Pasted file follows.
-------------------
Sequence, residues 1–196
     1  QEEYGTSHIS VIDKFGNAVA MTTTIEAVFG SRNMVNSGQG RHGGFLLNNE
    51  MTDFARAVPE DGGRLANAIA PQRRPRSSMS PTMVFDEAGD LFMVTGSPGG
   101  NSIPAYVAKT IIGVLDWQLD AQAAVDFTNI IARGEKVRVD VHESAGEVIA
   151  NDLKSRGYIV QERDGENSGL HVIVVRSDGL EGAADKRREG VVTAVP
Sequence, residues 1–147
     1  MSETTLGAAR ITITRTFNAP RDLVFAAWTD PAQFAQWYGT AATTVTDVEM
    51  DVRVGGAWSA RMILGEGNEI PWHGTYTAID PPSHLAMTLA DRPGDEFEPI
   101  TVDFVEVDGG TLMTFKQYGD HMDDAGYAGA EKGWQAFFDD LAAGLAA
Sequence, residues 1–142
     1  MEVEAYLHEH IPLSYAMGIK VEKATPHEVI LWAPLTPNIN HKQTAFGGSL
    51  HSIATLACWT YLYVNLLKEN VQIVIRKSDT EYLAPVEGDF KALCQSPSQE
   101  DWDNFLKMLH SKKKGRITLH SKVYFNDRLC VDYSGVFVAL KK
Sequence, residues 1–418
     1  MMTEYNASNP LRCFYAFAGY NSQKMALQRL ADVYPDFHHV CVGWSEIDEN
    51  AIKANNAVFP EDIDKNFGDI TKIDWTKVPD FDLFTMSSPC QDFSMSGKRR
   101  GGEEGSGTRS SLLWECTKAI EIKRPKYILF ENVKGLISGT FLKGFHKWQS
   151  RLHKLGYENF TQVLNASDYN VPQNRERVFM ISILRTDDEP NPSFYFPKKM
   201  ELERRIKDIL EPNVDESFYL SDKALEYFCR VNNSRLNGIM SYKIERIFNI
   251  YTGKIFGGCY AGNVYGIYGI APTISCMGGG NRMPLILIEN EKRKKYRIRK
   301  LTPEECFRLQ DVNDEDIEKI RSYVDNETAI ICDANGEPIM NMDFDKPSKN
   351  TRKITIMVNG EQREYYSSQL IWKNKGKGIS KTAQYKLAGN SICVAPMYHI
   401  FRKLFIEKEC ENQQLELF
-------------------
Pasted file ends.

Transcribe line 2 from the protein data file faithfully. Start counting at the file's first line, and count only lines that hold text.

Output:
     1  QEEYGTSHIS VIDKFGNAVA MTTTIEAVFG SRNMVNSGQG RHGGFLLNNE